Ask Mr. Wizard

Diluting High Gravity Beer


Milan Bartolec asks,

I am one week away from tasting my first homebrew — an amber ale. Prior to brewing I read a couple of different “instructions” on how to brew. The one I followed said that after transferring to a secondary fermenter, I should top up with water to about four inches from the top of the carboy, which I did. It was probably a gallon (4 L) of water. While taking hydrometer readings before bottling (1.007 FG) I tasted the sample and it was very light bodied, like a Budweiser, even though it had a nice amber color. Is this because I added more water? Do I need to add this additional water to the secondary fermenter?


I must confess, this is one homebrewing practice I have never come across. What you are describing is, however, practiced by almost every large commercial brewery in the world and is called high-gravity brewing (HGB).

The whole idea behind HGB is that a brewery can expand its production capacity by simply starting with a higher-gravity wort and adding water to the finished beer right before packaging to adjust the beer to its “normal” strength. Suppose Wizard Pale has an original gravity of 1.052 and I brew 1 million barrels each year. If I simply increase my original gravity to 1.056 and add water prior to packaging, I can expand my production capacity by 80,000 barrels per year with very little capital outlay.

There is more to this method than meets the eye. For starters, adding water after fermentation is tricky because you have to do some calculations to know how much to add. Too much and the beer is weaker than the target; too little and you have a stronger beer. In commercial breweries these calculations are made by using both the alcohol content and the specific gravity of the beer to back-calculate the wort original gravity. At home if you are supposed to have five gallons of 1.048 wort but instead start with four gallons of 1.060 wort, you can add the missing gallon of water at the end.

The other thing about adding water to beer is that water contains oxygen. If you simply add tap or bottled water to fermented beer, you will immediately add plenty of oxygen to start beer oxidation. “Blend water” as it is called is brewing-quality water that has been de-aerated and carbonated. This is fairly easy to do at home if you have a keg. Simply boil the water and cool, keg, and carbonate it.

All of this work is meant to expand your fermentation capacity. If you want to brew five gallons and have a five-gallon fermenter, this whole process is a waste of time. Many homebrewers don’t have brew kettles large enough to boil their entire batch, so water is added after boiling to adjust the wort volume and wort gravity. That is a sound practice that truly makes sense at home.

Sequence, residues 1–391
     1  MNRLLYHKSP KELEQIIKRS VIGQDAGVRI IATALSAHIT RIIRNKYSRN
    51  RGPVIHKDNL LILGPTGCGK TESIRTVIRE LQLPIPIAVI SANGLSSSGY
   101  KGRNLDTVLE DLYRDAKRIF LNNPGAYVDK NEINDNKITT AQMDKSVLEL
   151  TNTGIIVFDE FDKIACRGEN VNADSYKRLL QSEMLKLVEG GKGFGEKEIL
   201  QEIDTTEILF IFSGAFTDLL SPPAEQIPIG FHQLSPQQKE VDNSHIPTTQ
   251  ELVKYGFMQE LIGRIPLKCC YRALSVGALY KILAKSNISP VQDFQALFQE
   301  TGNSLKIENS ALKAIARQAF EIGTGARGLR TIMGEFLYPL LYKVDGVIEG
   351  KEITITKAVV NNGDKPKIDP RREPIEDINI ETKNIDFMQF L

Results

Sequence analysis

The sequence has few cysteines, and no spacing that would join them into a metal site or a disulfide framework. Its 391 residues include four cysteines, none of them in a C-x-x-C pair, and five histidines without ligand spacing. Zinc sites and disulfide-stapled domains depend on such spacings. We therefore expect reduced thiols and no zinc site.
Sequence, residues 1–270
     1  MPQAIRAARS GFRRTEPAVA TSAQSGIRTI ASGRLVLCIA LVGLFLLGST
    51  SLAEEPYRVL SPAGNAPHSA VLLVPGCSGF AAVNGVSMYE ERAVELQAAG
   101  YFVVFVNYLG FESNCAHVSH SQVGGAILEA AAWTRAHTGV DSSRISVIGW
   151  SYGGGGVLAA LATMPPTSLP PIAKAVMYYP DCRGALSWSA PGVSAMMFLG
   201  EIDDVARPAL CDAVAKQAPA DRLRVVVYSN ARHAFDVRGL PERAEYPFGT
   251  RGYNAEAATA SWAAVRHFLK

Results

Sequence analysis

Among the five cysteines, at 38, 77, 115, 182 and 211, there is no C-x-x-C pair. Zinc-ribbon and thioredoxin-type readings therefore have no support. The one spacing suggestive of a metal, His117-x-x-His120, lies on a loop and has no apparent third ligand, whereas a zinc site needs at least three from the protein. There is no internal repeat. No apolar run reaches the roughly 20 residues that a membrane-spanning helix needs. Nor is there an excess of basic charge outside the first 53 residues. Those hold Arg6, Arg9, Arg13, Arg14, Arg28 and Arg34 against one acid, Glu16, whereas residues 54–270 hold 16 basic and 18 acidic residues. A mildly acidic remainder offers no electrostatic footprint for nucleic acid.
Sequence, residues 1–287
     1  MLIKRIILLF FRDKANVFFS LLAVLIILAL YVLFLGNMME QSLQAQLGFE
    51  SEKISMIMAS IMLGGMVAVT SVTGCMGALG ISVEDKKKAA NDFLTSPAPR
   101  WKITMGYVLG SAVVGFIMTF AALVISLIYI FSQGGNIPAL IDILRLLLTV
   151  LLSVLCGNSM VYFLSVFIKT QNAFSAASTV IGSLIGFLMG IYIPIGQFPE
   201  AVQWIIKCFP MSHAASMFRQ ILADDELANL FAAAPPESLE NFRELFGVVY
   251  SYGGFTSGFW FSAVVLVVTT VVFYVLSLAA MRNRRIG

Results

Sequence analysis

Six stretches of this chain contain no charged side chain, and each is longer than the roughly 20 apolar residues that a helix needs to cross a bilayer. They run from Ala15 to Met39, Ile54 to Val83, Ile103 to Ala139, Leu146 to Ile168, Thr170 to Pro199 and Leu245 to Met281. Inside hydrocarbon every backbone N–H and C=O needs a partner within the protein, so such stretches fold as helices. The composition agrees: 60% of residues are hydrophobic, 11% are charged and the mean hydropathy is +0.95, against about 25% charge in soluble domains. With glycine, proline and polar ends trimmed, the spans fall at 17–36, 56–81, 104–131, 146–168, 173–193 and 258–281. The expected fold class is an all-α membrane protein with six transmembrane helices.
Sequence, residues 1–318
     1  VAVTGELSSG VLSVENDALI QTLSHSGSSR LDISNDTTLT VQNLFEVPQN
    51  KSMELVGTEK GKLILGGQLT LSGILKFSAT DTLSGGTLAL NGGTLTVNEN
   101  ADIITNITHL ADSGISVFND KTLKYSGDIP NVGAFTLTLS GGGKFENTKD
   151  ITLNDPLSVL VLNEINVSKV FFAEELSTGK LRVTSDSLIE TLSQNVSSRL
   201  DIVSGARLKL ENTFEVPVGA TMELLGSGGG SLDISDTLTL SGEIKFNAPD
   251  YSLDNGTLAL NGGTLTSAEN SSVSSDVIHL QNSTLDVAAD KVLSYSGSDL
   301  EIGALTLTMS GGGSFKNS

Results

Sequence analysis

I know some brewers are going to read this and get all sorts of clever ideas. So to complete the list of HGB pitfalls I must mention wort original gravity. You cannot make a normal-tasting “regular strength” beer by starting with a barleywine. I can hear the thought process now: “If I can make five gallons of 1.100 wort and ferment it, I could stretch it to 10 gallons of beer!” Unfortunately this doesn’t always work because very high gravity worts tend to produce beers with much more fruity esters than their normal-strength cousins. A diluted barleywine most likely will taste just plain funky.

Most big brewers don’t go much higher than about 1.065 because of this and are very careful about wort aeration because poor wort aeration results in the production of more fruity esters. There are some big brewers dabbling in VHGB (“V” for very). They start with worts as high as 1.100. Wouldn’t you hate to be a yeast cell in those breweries!

Like I said, I have never heard of homebrewers using this technique. My advice to a starting homebrewer is to ferment a full batch of wort and not add any water to your batch once fermentation begins. This will allow you to check your wort specific gravity before starting fermentation, and you are not left wondering if the beer should have tasted different because of adding too much or too little blend water.

Response by Ashton Lewis.